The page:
Research by Chen, Higgings, and Zha studied the relationship between perceived lending standards and uncertainty about the macroeconomic outlook: Uncertainty during recessions makes lending riskier and makes lenders more cautious. Earlier research by Maximiliano Dvorkin and Hannah Shell tapped into the SLOOS data to document the relationship between lending and borrowing perceptions and changes in actual bank lending during the 2001 and the 2007-2009 recessions, showing a direct correlation between opinions and actual loan growth.

How this graph was created: Search FRED for “Net Percentage of Domestic Banks Tightening Standards for Commercial and Industrial Loans to Large and Middle-Market Firms.” Next, click the “Edit Graph” button and use the “Add Line” tab to add “Net Percentage of Domestic Banks Tightening Standards for Commercial and Industrial Loans to Small Firms.” Repeat the last step to add the similarly named data series from large domestic banks.

Suggested by Diego Mendez-Carbajo.

Different patterns in the recovery of the self-employed

The COVID-19 pandemic prompted workers to reconsider their professional lives and consider different types of employment. Self-employment, which is a vital source of jobs in the US, followed a different pattern of recovery than total employment during and after the COVID-19 pandemic.

The self-employed make up between 10% and 11% of the 157 million employed workers in the United States. The Bureau of Labor Statistics (BLS) defines the self-employed as those working for profit or fees in their own business and distinguishes between incorporated and unincorporated self-employment. The incorporated self-employed, as you might expect, legally incorporated their businesses, gaining tax incentives and personal asset protection. The BLS typically excludes them from analysis of self-employment because they’re considered employees of their own corporations.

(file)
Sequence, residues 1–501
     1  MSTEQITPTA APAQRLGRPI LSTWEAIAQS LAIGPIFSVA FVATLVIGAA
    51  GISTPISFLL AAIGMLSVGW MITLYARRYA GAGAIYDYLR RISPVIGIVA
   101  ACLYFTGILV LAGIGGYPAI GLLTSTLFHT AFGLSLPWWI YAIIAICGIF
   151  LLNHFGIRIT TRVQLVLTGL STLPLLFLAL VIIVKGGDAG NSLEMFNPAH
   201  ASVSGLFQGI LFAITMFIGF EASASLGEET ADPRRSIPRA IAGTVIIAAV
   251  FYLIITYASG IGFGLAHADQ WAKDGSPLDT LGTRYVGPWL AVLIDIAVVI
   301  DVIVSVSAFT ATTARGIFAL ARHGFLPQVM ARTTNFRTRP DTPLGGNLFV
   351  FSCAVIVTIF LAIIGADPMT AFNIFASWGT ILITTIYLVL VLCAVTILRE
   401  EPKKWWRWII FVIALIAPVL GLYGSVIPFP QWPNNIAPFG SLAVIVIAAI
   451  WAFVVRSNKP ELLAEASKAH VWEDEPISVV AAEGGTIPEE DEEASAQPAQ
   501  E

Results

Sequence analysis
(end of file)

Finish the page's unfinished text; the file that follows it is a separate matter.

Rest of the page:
The FRED graph above shows self-employment levels for both the incorporated (blue) and unincorporated (red), as well as total employment (green). The series are indexed to 100 in February 2020, right before the COVID-19 pandemic.

The incorporated and unincorporated self-employed have taken different paths over the past three years. The level of unincorporated self-employment has closely followed that of total employment and declined drastically in March and April 2020. But the level of incorporated self-employment changed little throughout this period. Unincorporated self-employment steadily recovered to pre-pandemic levels from April 2020 to July 2021, but incorporated self-employment declined more gradually to its trough in February 2021 before it began to recover.

There could be a few reasons why these groups look so different. The incorporated may have accepted PPP loans at a higher rate than the unincorporated if they were more attuned and accustomed to navigating government rules and regulations. Their businesses also tend to be more developed, potentially with more capital to keep themselves afloat. Their dip may have come later in the pandemic, after the relief dried up and the end-of-2020 COVID wave arrived.

Now, as both forms of self-employment rise above pre-pandemic levels, it’s unclear whether the trends in incorporated and unincorporated self-employment will once again diverge.

How this graph was created: Search FRED for “Employment Level Total Wage and Salary, Incorporated Self Employed.” Next, click the “Edit Graph” button and use the “Add Line” tab to add “Employment Level All Industries Self-Employed, Unincorporated.” Then, select “Add Line” once more and search for “Employment Level.” Click “Edit Line 1” and change “Units” to “Index: Scale value to 100 for chosen date.” Next, select “2020-02-01 Start” to the right of “U.S. Recession” as the date to equal 100 for your custom index and “Copy to all.” Finally, adjust the date range to begin at “2020-01-01.”

Suggested by Victoria Gregory and Elisabeth Harding.

Subscribe to the FRED newsletter

Follow us

Back to Top